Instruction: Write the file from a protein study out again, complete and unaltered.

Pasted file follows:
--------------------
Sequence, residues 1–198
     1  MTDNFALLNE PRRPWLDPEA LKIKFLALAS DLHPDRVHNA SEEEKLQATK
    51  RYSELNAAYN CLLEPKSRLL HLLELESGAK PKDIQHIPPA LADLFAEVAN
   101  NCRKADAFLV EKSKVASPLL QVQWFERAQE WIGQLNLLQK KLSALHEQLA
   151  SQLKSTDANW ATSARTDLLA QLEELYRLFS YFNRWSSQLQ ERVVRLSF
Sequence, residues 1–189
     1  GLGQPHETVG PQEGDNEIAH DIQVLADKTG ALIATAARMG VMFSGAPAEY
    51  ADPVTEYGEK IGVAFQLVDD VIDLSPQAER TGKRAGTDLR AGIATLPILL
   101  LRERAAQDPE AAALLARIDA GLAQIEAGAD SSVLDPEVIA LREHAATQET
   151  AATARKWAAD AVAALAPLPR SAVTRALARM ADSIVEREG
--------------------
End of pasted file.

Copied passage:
Sequence, residues 1–198
     1  MTDNFALLNE PRRPWLDPEA LKIKFLALAS DLHPDRVHNA SEEEKLQATK
    51  RYSELNAAYN CLLEPKSRLL HLLELESGAK PKDIQHIPPA LADLFAEVAN
   101  NCRKADAFLV EKSKVASPLL QVQWFERAQE WIGQLNLLQK KLSALHEQLA
   151  SQLKSTDANW ATSARTDLLA QLEELYRLFS YFNRWSSQLQ ERVVRLSF
Sequence, residues 1–189
     1  GLGQPHETVG PQEGDNEIAH DIQVLADKTG ALIATAARMG VMFSGAPAEY
    51  ADPVTEYGEK IGVAFQLVDD VIDLSPQAER TGKRAGTDLR AGIATLPILL
   101  LRERAAQDPE AAALLARIDA GLAQIEAGAD SSVLDPEVIA LREHAATQET
   151  AATARKWAAD AVAALAPLPR SAVTRALARM ADSIVEREG